I can vouch for all the above. Just start mucking around with Numerology and you can have polyrhythmic melodies flowing out of your speakers. I haven’t used it live yet but it looks very capable in that area too. And the best news: it’s an immensely powerful compositional and performance tool that costs £47. And, unlike Logic Pro, it actually plays its sequences in time.

There was a function on one of the old Microsoft Offices (I’ve forgotten which platform and version) that kept track of every email you wrote, Word docs, Excel etc. While that sounds a bit pointless initially, if you’re running a small business, it’s very handy to keep track of what emails you sent in a chronological way, rather than trawling through your mail program. Well, Onlife does all that for Macs and keeps track of other activity, which you can configure. And it’s a FREE beta!

ArtRage 2
This is an app I’ve only been using for two days but I’ve got no hesitation in adding it to this list as it’s so much fun! ArtRage 2 costs a tenner and it’s a lovely painting program. It can produce stuff like this:


Well, it can if you can. Do you see?

Art Directors Toolkit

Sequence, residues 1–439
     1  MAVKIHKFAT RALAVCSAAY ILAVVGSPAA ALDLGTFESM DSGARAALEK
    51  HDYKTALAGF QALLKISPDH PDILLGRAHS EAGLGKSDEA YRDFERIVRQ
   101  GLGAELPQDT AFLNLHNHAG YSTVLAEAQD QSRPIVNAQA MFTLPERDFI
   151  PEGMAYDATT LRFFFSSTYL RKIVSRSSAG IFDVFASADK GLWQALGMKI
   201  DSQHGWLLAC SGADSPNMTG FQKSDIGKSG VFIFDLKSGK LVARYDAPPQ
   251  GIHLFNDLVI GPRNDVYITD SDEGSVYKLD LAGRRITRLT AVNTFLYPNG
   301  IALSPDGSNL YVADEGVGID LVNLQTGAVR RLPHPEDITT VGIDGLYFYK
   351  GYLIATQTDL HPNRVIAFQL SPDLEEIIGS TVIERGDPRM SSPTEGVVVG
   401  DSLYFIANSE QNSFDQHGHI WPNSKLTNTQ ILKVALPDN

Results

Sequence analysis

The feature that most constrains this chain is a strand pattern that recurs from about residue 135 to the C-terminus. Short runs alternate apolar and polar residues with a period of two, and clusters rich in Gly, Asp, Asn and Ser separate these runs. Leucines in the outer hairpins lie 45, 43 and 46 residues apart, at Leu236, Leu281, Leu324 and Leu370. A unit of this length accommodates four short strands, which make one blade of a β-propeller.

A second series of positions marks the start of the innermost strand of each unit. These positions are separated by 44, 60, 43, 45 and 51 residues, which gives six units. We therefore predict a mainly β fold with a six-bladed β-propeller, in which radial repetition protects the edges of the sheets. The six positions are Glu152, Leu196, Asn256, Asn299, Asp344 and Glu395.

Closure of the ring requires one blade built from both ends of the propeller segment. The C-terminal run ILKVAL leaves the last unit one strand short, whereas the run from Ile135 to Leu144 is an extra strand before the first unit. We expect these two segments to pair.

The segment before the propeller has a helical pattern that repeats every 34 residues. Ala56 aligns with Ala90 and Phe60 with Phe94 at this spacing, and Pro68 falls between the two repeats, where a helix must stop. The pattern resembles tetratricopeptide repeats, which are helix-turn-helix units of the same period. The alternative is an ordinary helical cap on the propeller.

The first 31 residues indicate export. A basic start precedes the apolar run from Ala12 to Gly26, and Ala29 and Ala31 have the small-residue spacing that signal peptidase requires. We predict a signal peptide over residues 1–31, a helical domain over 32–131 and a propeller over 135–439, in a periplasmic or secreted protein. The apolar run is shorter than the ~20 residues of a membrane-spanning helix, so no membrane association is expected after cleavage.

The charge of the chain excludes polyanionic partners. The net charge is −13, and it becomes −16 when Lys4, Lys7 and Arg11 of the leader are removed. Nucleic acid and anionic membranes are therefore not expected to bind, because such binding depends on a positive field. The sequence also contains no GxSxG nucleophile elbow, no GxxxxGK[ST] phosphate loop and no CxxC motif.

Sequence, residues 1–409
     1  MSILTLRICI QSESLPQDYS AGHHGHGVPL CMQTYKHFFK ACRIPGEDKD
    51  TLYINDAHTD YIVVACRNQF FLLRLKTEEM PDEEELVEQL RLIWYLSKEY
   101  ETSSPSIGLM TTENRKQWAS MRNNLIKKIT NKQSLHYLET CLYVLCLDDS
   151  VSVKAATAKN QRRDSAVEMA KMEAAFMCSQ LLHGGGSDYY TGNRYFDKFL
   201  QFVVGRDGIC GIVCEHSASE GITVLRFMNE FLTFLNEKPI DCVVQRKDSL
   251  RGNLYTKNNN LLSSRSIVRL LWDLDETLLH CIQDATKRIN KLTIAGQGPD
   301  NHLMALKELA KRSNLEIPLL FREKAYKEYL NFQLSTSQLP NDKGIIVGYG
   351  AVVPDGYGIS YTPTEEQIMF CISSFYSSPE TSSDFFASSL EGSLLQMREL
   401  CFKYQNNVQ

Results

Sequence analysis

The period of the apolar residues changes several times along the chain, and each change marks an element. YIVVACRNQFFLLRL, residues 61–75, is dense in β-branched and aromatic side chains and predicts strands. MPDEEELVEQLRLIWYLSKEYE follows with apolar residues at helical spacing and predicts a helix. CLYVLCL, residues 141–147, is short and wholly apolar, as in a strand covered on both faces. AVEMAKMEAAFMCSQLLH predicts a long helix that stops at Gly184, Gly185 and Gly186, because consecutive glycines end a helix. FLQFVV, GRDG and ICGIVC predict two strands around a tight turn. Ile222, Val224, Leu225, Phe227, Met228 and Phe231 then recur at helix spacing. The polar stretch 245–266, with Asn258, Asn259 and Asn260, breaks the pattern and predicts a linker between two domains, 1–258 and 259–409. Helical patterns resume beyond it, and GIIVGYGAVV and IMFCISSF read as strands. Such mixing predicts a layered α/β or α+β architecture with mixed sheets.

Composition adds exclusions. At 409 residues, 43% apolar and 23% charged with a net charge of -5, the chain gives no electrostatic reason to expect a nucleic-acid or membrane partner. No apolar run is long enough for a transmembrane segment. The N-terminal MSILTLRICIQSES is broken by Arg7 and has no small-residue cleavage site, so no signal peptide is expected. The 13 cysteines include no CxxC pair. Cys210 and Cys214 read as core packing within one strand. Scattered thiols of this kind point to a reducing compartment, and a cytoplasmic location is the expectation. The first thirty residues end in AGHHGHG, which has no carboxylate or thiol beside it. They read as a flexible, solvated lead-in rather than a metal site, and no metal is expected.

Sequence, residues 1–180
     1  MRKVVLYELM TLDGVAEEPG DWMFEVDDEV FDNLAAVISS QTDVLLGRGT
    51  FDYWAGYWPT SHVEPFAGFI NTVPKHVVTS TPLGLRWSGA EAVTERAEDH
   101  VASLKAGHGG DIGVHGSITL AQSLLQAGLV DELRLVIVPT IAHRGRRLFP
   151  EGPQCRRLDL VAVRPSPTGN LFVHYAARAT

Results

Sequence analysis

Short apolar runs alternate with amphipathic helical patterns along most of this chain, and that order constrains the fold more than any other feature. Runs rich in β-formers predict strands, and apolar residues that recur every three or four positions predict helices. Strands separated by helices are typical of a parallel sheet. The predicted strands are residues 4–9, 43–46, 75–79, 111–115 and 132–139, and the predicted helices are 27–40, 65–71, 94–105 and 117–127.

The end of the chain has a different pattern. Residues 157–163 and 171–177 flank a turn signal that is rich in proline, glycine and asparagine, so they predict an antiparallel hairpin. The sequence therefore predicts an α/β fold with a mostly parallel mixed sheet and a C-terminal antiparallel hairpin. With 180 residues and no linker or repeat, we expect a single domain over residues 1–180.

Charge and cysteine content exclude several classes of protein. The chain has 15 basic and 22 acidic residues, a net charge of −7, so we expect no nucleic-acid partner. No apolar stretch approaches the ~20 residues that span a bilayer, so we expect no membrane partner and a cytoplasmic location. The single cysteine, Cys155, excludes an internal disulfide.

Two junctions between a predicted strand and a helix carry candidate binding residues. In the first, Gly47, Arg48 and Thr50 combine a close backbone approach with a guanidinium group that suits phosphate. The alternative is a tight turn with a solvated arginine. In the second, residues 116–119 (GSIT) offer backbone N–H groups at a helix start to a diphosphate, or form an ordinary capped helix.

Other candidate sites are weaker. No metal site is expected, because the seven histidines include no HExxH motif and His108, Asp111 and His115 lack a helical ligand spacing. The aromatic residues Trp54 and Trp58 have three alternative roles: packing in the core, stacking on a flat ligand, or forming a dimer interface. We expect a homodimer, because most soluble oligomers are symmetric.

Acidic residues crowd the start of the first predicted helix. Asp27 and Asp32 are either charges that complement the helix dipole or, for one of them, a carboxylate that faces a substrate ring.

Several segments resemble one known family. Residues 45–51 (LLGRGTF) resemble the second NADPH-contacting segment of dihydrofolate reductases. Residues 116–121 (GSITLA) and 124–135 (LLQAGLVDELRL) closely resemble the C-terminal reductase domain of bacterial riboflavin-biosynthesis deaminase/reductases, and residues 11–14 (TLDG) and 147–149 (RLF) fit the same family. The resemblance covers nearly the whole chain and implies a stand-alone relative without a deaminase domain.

I use this most often when I’m doing webby stuff. It’s handy to have for nicking colours, managing colour schemes – all the stuff you’d imagine implied from something called Art Directors Toolkit. It came free with my Mac and maybe you’ve got a version with yours, hiding in the apps folder? If not, you can buy from seven to twenty quid, depending on an array or options.

But where’s the apostrophe, eh? Art Director’s Toolkit? Art Directors’ Toolkit? Gah!

Do you use Usenet? Do you know what it is? If you’re curious, have a look at Unison. It’s the best Mac Usenet app! £13.

Another lovely bit of kit from Panic, Transmit is my favourite FTP app. It makes uploading files piss-easy and you can configure it for drag-n-drop operation. Lovely! Fifteen quid.